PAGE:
With the invention of the motion camera and projector by Thomas Edison, it opened a wider field of possibilities for animation. Stuart Blackton in 1906 make a film where he drew faces on a blackboard and photographed them, and erased them and would draw the next stage of the expression. This would later be known as "stop-motion animation". In the 1920's animated illustrations came out to over power the old ways, like Winsor McCay's "Gertie the Dinosaur" (1914) and Otto Messmer's "Felix the Cat" (1913). Once these were used as a mere form of entertainment would later become a means of propaganda in the World Wars. After the 1920's, Animation takes off with a bang. People like Walt Disney come into the picture and gives us wonder animated stories like "Steam Boat Willie". Warner Brother's would be right behind Disney in creating cartoon animations for people to fall in love with.
After about 60 years or so of hand-drawn animation, the first full computer animation film comes out by Pixar and Disney, "Toy Story" (1995). Animation in the form of the method of using a computer has now been very popular in the last 15 years. Many more films have been released with using this technique. There have even been some that have used live action and animation to create films. But all of these are doing one main thing and that is to tell a story using artistic means and animation. With the knowledge of how to use Photoshop and your own creative power of creating a story, you will come up with your own animation to tell the story.
Instructional Procedure for Art Making:
Class 1: The students will be given an introduction to claymation including a brief history of claymation and the animators that work with this medium. Several examples will be shown to show the different technical skills and levels of animation.
Class 2: There will be a demo of how to do claymation. The demo will include: modeling characters, changing positions, and tools used in the animation process.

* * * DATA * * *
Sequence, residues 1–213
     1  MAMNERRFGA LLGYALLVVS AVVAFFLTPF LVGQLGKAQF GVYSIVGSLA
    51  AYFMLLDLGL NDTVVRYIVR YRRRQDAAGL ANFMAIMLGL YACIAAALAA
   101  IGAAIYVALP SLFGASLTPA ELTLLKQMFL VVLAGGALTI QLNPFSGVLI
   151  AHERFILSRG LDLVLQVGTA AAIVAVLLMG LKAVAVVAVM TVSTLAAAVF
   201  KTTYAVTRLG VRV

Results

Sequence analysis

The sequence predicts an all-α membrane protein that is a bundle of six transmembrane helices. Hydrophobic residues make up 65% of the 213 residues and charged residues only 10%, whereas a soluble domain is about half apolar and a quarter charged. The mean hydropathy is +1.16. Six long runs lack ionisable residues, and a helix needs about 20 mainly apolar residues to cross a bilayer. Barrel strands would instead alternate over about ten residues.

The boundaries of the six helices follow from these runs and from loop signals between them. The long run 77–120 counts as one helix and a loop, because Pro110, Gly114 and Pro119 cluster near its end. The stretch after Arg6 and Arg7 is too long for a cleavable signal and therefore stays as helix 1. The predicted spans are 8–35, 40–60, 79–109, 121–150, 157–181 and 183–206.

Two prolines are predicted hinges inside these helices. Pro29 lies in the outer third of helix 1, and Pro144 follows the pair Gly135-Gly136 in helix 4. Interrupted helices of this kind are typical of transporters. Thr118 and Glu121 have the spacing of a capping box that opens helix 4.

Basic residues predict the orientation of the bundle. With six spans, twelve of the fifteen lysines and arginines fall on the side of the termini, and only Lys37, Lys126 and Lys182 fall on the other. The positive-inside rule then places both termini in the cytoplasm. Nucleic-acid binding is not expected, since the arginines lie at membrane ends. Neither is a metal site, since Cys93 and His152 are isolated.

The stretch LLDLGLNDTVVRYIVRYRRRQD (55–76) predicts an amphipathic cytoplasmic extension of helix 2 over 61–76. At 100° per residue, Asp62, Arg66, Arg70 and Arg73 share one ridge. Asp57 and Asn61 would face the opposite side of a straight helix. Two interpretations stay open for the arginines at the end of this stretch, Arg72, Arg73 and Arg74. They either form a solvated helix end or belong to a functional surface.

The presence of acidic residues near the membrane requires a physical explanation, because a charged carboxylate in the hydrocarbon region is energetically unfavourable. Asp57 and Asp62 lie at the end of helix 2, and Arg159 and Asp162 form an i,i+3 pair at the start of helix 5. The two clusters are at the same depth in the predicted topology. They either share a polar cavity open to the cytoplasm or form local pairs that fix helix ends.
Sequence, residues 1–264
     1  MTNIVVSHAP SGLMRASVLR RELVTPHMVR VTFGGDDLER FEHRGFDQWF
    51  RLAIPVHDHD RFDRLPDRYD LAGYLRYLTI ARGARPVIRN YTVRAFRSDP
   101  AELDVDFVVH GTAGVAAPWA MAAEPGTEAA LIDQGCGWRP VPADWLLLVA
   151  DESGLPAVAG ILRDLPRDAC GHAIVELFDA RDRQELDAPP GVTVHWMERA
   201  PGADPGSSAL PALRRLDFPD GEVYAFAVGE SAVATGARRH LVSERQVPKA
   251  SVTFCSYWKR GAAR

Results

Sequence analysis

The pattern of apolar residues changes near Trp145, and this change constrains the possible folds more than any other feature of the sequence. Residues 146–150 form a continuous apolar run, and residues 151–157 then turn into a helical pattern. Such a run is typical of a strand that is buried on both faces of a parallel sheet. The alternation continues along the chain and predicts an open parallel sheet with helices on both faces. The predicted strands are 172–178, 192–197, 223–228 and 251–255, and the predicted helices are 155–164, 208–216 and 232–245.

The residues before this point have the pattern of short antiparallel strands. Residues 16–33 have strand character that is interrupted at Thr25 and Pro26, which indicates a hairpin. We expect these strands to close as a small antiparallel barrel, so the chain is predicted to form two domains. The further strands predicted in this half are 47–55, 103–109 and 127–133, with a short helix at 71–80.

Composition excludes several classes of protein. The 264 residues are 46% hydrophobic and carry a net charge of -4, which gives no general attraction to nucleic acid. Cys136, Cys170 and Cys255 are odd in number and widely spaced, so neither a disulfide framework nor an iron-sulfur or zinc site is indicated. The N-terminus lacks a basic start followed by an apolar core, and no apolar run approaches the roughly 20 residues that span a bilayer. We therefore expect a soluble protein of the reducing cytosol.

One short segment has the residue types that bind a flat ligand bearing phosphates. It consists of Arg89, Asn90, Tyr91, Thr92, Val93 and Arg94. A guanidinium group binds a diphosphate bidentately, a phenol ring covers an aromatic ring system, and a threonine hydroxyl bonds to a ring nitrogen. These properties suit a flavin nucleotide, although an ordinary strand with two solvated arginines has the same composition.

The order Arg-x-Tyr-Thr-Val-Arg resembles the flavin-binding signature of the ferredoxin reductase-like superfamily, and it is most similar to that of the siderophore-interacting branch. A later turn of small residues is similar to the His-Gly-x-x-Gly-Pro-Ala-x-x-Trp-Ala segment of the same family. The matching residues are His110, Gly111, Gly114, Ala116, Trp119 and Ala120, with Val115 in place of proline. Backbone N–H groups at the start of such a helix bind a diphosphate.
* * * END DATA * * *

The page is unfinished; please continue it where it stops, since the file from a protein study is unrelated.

The class will be presented with several options of stories that they will animate as a whole class (keep in mind what they might be doing in other classes that would be able to tie in with them). The class will be broken up into groups of 3 to 4 students. These groups will be used during the animation process.
Class 3: Actual animation will take place during this class time. Student groups that are not working on the animation at the time will be working on creating their own storyboard ideas for the story. Students will take turns at the capture station, when not at the capture station, students will continue to create their own story boards for the story.
Class 4: The animation process will continue, students will take turns at the capture station, when not at the capture station, students will continue to create their own story boards for the story.
Class 5: Animation will continue, but today will be the last day. As a class, students will take a vote on what sort of music should maybe accompany their animation. Outside of class, the teacher will take all still images and render into a movie using Photoshop or iMovie HD (depending on what is available.
Class 6: There will be a viewing of the class animation and there will also be time to share everyone's storyboards. Students will be asked to comment both on the animation and also the work of their classmates on their storyboards.
On the last day of the class students will take part in a critique and showing of all of the movies that were created in the last several class times. Students will be graded and evaluated on how well they met the requirements and have kept in focused in class and also how they participate in critique.
Art Production: Student create as a class a claymation animation and will create their own storyboards.
Aesthetics: Students will be asked to use clay to create and tell the story using different techniques
Art History: Students will learn the history behind animation and claymation.
Art Criticism: Students will take part in a final critique of storyboards and viewing of animation.
My YouTube Channel
My Blog (Links)
"History of Animation The Early Years: Before Disney" Patrick James. 15 December 2009.
"A Rather Incomplete But Still Fascinating History of Animation" Dan McLaughlin. 2001. 15 December 2009. <http://animation.filmtv.ucla.edu/NewSite/WebPages/Histories.html>